The United Kingdom and the United States may be getting cleaner, but Australia and Brazil are becoming more corrupt, an annual ranking of perceived levels of transparency and honesty has revealed.
The deterioration in the ranking of these two countries was among the more surprising outcomes of Transparency International’s otherwise fairly predictable 2015 Corruption Perceptions Index.
Transparency International is a global anti-corruption organisation, and its annual rankings of 168 countries are widely cited by those countries that do well.
Compared to 2014, Australia slipped two places to 13th place on the list. It’s the fourth year in a row that Australia has fallen, from its peak of a score of 88 out of a possible 100 points – or eighth in the world – in 2011. Its 2015 score was 79, the Transparency International data shows.
Brazil’s fall from grace over the past year was more dramatic. It dropped seven places, to 76th, in the world, scoring a paltry 38 out of 100, a five-point drop from its 2014 score. It was the biggest decliner of the year, according to the data.
In a statement, Transparency International said Brazil’s lower score was attributed in part ot the “unfolding Petrobras scandal” last year, but it noted that the scandal had also “brought people into the streets in 2015”, and that this, and the start of the judicial process, could represent the beginning of a turnaround.
The UK, meanwhile, considerably improved its standing from last year, lifting its score by three points to 81, making it the tenth least-corrupt country in the world. That’s up four places from last year.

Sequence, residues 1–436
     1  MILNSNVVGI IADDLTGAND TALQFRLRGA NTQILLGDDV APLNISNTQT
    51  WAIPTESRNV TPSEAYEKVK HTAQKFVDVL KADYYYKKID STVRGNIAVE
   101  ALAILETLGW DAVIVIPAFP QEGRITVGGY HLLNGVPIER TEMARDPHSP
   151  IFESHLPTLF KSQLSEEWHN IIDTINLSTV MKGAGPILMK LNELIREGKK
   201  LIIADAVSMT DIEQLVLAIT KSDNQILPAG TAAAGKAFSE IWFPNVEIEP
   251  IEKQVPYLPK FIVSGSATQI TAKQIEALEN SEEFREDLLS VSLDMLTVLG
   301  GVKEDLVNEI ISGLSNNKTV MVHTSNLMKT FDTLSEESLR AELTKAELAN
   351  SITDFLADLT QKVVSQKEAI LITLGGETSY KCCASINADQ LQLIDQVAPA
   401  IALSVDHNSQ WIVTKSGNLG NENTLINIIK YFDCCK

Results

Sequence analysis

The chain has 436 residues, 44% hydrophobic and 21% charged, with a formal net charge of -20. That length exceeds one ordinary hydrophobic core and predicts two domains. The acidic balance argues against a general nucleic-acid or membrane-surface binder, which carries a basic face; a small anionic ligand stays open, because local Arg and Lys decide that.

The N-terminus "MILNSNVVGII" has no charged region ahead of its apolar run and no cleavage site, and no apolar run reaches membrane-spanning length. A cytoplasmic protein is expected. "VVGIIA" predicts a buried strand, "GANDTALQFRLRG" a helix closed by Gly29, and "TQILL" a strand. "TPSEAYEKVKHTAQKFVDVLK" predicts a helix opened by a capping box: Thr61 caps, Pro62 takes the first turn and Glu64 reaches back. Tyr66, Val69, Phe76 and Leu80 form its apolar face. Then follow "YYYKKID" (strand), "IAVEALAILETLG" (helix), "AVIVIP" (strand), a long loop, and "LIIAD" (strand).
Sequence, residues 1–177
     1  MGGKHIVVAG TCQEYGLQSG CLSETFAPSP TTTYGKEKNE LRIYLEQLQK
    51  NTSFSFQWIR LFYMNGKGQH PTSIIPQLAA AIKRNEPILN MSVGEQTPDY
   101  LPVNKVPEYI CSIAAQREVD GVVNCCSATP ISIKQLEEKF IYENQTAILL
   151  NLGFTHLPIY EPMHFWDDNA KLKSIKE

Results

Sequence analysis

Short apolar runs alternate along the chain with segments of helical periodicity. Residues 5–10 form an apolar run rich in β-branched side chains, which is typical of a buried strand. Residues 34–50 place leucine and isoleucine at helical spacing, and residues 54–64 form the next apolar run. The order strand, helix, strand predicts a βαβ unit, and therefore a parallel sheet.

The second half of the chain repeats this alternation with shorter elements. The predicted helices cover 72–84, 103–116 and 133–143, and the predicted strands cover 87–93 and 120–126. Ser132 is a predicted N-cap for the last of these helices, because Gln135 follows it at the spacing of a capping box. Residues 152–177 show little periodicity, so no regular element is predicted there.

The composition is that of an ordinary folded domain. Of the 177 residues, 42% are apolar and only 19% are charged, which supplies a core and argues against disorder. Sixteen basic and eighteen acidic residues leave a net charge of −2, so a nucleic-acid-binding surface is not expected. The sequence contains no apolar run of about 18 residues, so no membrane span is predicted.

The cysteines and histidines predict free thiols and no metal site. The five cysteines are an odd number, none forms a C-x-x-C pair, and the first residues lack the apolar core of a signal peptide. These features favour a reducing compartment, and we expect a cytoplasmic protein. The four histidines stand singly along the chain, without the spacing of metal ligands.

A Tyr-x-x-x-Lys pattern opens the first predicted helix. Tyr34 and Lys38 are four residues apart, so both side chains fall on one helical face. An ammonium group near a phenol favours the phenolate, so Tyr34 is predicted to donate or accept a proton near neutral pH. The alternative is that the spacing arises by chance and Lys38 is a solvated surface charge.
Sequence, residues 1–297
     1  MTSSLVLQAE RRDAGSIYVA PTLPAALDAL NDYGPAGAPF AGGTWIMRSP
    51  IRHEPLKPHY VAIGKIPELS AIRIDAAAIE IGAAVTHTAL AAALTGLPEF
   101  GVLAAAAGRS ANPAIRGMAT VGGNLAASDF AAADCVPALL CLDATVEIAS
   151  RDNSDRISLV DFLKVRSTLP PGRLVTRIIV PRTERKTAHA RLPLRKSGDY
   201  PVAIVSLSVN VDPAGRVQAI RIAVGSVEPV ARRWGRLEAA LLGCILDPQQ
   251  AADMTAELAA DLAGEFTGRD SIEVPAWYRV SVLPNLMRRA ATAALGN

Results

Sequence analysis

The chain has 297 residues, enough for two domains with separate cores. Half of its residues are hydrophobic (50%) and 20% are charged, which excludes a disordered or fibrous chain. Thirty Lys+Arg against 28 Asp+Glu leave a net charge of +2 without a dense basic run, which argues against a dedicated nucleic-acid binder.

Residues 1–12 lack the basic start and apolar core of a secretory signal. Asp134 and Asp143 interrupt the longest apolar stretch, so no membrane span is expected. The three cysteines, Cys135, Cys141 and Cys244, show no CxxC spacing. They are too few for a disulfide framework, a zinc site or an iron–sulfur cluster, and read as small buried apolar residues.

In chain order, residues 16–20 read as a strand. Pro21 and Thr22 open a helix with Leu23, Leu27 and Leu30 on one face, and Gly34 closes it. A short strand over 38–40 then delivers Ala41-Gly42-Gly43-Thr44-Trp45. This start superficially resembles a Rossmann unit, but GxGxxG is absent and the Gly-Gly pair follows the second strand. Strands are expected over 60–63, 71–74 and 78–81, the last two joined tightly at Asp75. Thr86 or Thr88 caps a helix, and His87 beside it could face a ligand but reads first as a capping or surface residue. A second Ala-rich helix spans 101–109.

As for the US, it improved its score by two points to reach 76, making it the 16th least corrupt country in the world, the Transparency International data showed.
Unsurprisingly the top of the table was dominated by Scandinavian countries, with Denmark taking the top spot, followed by Finland and Sweden. New Zealand was fourth, and the Netherlands and Norway tied in fifth place.
Here are the top ten:
1. Denmark (91)
2. Finland (90)
3. Sweden (89)
4. New Zealand (88)
5= Netherlands (87)
5= Norway (87)
7. Switzerland (86)
8. Singapore (85)
9. Canada (83)
10= Luxembourg (81)
10= United Kingdom (81)
The bottom of the table was just as predictable. Conflict-torn Somalia claimed the accolade of the world’s most corrupt country, followed by North Korea, Afghanistan and Sudan.
Focusing on Western Europe, most nations scored well, Italy being a notable exception, scoring a dismal 41 and taking the unenviable 61st spot, well behind the likes of Cuba, Saudi Arabia and Rwanda.
Barbados, Hong Kong and Ireland took equal 18th equal spot with Japan, while the United Arab Emirates tied with France at number 23. Malta came in at 37.
The map below, provided by Transparency International, shows the results of the survey, with dark red countries the most corrupt, and light yellow the least corrupt.